Of course, the greatest tool to assist with this inner focus is the breath. Ujjayi breath creates a sound[vi] and that sound comes from within. As we let the world around us fall away focusing on the sound of the breath will guide the awareness within. The internalized awareness faces a new opportunity as aberrant thoughts and emotions begin to flood the awareness. Here, objectivity and a certain amount of awe for the mental capacity required to process this raging river will be your best allies. Objectivity can lead us to examine the possibility that thoughts and emotions, like the external sounds, are actually not who we are! To overcome the onrush of thoughts we can try to build a dam and with rigid discipline attempt to still the waters, but this process begs the question, who is building the dam?
The spirit of exploration will assist you here as well. An explorer documents her travels and keeping a yoga journal will assist in learning this new terrain. Please be aware that the process we are lightly bandying about here in a few paragraphs is one that can play out over years or decades for some while others may merge more easily into these states. No matter your experience with pranayama, practice is always required and creating a link between our asana practice and our pranayama will be a great boon to both.
See how nature – trees, flowers, grass – grows in silence; see the stars, the moon and the sun, how they move in silence…we need silence to be able to touch souls. ~Mother Teresa of Calcutta
In addition to the creation of a pranayama practice within our regular asana practice we can look to the observation of Moon Days to extend our ability. The observation of Moon Days is a slightly fringe aspect of yoga engaged in by some schools of thought. It can have a profound affect on the connection between yoga and the rest of your life. My personal practice is traditional Ashtanga as handed down by Sri. K. Pattabhi Jois and in this lineage we do not pursue asana practice on days of the full and new moon. There are many and varied reasons for this, but the best explanation is that the human body is 70% water and is influenced by the moon just as the ebb and flow of the tides are. The slight pull of the moon upon our bodies shifts our center of gravity and can rend us more susceptible to injury. Taking rest from our asana practice gives us another opportunity to pursue pranayama.
In addition to extra time to explore the inner realms, this practice can assist to reestablish our connection to the world around us. An awareness of the cycles of the moon brings our bodies closer to a connection with Natural Time. The clock and the calendar are man-made constructs and though they perpetuate our civilization and lifestyle, they too negate our connection to our core. Taking a moment to recognize the new and full moon can lead us to an awareness of the delicate machinery around us, the sunrise and sunset, the positions of the stars and ultimately to an awareness of ourselves within this place. We may also slightly glimpse the fact that we live in Natural Time and constructed time in the same breath and that there may be other levels of awareness as well, but we’ll leave these abstract notions for more advanced pranayama explorations.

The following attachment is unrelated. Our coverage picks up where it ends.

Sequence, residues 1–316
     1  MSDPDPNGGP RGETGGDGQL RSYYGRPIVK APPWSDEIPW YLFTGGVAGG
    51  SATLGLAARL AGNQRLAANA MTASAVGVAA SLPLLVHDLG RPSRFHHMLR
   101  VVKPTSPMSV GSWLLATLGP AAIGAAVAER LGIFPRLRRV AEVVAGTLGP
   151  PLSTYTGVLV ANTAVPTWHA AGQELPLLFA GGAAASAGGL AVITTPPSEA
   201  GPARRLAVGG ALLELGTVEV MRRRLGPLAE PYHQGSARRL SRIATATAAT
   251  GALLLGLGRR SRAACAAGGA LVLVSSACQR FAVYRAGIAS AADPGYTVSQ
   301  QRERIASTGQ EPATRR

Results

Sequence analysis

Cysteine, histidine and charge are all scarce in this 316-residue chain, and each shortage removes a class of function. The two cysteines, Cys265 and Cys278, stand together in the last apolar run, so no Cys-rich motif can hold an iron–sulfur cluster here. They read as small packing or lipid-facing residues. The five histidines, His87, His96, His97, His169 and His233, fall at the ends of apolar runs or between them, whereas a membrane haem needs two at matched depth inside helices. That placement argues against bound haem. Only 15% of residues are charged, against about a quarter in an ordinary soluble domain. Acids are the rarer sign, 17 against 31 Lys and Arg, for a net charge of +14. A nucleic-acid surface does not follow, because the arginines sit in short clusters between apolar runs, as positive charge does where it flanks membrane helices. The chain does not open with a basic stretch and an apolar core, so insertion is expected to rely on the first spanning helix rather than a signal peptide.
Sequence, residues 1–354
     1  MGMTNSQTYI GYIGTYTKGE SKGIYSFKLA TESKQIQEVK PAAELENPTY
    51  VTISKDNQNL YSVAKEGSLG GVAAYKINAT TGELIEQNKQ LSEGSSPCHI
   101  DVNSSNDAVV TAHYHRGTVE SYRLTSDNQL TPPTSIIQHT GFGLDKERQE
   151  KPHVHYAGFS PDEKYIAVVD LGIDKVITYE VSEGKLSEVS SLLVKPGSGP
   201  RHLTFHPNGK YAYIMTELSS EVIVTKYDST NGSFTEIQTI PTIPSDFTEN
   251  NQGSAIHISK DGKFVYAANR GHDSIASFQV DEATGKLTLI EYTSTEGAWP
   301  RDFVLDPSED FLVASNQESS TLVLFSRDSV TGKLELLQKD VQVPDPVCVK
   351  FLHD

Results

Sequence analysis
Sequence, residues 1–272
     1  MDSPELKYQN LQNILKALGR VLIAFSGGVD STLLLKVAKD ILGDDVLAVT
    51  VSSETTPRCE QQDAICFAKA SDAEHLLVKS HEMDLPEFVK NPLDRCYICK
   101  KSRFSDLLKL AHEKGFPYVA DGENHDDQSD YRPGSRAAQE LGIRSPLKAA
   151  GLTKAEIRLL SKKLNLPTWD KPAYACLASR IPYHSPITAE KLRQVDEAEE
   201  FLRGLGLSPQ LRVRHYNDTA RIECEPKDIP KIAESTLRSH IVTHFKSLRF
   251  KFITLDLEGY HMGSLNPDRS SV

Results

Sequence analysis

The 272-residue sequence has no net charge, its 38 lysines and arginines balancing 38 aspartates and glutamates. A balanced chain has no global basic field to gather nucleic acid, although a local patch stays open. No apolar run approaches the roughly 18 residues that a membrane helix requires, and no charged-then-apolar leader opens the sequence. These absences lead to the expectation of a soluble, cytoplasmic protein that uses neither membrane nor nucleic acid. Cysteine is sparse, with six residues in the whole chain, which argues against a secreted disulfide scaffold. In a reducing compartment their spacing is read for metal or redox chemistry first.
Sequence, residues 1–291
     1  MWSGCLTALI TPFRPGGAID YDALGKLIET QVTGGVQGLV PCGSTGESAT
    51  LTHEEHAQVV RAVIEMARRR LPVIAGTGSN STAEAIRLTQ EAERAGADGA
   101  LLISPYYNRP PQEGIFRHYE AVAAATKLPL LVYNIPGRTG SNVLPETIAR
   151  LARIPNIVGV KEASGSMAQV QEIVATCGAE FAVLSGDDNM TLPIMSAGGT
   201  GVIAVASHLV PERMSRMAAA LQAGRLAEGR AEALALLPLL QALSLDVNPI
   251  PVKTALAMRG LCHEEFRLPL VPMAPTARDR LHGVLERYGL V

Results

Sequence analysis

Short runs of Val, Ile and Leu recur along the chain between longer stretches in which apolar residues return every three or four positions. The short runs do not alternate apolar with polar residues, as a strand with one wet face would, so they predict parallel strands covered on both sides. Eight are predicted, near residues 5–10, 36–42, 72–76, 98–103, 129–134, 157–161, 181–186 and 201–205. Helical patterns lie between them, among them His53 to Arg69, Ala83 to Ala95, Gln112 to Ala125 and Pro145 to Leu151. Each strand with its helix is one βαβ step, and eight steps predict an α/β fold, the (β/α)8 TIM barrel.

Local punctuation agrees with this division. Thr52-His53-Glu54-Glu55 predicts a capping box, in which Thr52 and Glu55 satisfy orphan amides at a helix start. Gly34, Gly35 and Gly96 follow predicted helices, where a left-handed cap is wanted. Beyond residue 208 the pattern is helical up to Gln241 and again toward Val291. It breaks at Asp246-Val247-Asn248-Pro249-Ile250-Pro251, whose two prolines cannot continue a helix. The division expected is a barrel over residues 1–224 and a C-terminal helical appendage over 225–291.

As we engage in our Moon Day practice we may begin to notice subtle differences between full and new moons. Cultures around the world have expressed the different energies between these opposite ends of the lunar cycle in very similar language. Typically the new moon is imbued with a grounding quality associated with fertility and planting. The full moon, in turn, is a time of harvesting, of rising energy and a time of spirit. By observing the energetic qualities of the lunar cycle we can guide the meditative aspects of our pranayama. Tuning into this natural flow of setting intentions on the new moon and tending to them during the waxing of the moon can serve as a guide us upon our life path. Being mindful of harvesting the fruits of our intentions and nourishing ourselves with them through the waning of the moon can inspire us and bring us closer to a more active role in our lives. This cycle continues and as the new moon comes back around we again find ourselves breathing on our mat, exploring pranayama and planning seeds.
This exploration into pranayama, approached from the mindset of play and exploration, will amplify the connection between our yoga, our world, and all worlds. We have covered a great deal of ground here but at the same time have greatly simplified a very complex system that, as mentioned above, is designed to be studied throughout a lifetime or even across many lifetimes. The greatest resource as you enter into a pranayama practice will be your own body, mind, and breath, your asana teacher and the foundational texts of the tradition that influences your practice.
[i] Pranayama (Sanskrit prana = life force, or vital energy, the breath, ayama = to lengthen or extend) is often translated as control of the life force. When used as a technical term in yoga, it is often translated more specifically as “breath control.”
Pranayama is the fourth ‘limb’ of the eight limbs of Raja Yoga mentioned in verse 2.29 in the Yoga Sutras of Patanjali. Patanjali discusses his specific approach to pranayama in verses 2.49 through 2.51, and devotes verses 2.52 and 2.53 to explaining the benefits of the practice. Patanjali refers to pranayama as the control of life force that comes as a result of practicing the various breathing techniques, rather than the numerous breathing exercises themselves.
Many yoga teachers advise that pranayama should be part of an overall practice that includes the other limbs of Patanjali’s Raja Yoga teachings, especially Yama, Niyama, and Asana.
[ii] Different schools of yoga have very different views on hydration during practice. I highly recommend asking your instructor about water intake and your practice.
[iii] Satsang (Sanskrit sat = true, sanga = company) describes in Indian philosophy (1) the company of the “highest truth,” (2) the company of a guru, and (3) company with an assembly of persons who listen to, talk about, and assimilate the truth.
[iv] Though Ujjayi breath is a great start to our pranayama, as your practice deepens so will your interest in exploring the diverse world of breathing techniques used in pranayama. These different techniques create different states of mind and body.
[v] A mudra is a symbolic or ritual gesture in Hinduism and Buddhism. While some mudras involve the entire body, most are performed with the hands and fingers.
[vi] In many traditions beginning Ujjayi breath has a sound quality while more advanced practitioners will move towards less audible Ujjayi breathing.